Competence, autonomy, and relatedness in the classroom: Understanding students’ motivational processes using the self-determination theory
Wang, J. C. K., Liu, W. C., Kee, Y. H., & Chian, L. K. (2019). Competence, autonomy, and relatedness in the classroom: Understanding students’ motivational processes using the self-determination theory. Heliyon, 5. https://doi.org/10.1016/j.heliyon.2019.e01983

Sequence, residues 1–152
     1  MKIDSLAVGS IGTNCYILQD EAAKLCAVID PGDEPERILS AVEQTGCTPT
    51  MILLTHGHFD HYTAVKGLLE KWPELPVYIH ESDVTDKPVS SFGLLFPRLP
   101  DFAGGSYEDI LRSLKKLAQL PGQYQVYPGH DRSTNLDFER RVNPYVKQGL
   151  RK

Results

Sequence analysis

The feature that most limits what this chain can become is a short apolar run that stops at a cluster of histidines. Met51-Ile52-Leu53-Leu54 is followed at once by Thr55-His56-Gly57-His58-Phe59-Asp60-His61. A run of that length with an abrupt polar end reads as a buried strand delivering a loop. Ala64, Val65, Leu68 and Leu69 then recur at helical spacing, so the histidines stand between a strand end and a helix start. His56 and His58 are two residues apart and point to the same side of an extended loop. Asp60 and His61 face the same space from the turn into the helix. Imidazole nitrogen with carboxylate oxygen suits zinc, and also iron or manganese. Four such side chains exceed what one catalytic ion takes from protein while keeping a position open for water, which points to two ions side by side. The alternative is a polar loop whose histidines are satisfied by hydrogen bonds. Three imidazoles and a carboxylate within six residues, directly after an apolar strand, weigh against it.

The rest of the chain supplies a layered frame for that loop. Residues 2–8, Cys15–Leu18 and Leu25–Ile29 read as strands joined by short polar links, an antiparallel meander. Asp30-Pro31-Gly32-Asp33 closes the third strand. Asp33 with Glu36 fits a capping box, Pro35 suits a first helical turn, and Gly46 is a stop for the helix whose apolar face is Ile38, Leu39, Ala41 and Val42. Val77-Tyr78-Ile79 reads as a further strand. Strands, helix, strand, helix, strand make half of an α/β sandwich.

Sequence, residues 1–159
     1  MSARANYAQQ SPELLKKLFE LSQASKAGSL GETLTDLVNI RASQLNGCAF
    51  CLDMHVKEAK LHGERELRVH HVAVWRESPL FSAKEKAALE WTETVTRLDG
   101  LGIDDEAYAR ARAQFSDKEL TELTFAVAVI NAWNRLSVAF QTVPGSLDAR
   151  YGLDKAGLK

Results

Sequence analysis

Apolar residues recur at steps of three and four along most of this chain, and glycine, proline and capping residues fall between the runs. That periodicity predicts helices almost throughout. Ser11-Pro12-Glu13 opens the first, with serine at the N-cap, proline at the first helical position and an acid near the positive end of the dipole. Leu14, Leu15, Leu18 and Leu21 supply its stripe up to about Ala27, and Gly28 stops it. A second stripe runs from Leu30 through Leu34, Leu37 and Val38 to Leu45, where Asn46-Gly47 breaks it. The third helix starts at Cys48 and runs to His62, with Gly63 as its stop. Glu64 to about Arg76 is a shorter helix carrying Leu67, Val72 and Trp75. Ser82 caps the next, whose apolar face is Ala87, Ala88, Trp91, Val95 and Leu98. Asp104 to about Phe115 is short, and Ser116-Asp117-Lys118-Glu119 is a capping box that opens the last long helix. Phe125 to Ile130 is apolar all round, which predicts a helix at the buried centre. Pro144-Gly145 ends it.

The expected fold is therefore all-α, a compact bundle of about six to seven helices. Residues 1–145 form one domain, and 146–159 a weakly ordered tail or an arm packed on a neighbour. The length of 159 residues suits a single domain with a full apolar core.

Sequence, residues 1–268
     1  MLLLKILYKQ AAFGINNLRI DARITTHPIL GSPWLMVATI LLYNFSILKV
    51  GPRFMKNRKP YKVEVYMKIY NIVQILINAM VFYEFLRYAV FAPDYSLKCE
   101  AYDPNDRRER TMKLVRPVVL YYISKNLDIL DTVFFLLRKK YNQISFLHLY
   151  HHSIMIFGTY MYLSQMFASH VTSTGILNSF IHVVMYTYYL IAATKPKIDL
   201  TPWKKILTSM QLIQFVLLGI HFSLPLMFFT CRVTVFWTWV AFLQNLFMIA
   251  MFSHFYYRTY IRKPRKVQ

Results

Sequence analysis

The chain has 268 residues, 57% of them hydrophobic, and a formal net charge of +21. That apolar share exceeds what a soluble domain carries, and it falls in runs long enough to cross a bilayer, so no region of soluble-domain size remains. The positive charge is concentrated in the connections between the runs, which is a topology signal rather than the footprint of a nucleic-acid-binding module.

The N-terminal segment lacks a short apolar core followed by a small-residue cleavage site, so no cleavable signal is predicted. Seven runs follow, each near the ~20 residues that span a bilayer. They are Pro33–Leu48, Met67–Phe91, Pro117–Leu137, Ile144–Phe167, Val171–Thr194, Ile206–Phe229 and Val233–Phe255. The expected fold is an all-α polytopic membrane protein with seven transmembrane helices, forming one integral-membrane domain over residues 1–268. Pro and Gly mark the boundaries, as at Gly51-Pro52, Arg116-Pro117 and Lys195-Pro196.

The purpose of the current study is to examine the relationships between need satisfaction, motivation, and outcomes as well as the differential effects of the three psychological needs. The sample consisted of 1549 students from 10 secondary schools in Singapore. Structural equation modelling (SEM) analysis showed that students’ psychological needs are positively related to autonomous motivation, and this in turn, lead to higher enjoyment, value and lower pressure. On the other hand, the three psychological needs were negatively related to controlled motivation. Controlled motivation was positively related to pressure but negatively related to enjoyment and value. In terms of the differential effects of the three psychological needs, relatedness contributed strongly to autonomous motivation, compared to autonomy and competence. In contrast, while autonomy and relatedness contributed to controlled motivation negatively, competence positively predicted controlled motivation. Finally, competence was found to link to pressure in a negative way. In summary, the findings of the current study provide support to the propositions of SDT and add some insight to the differential effects of the three psychological needs.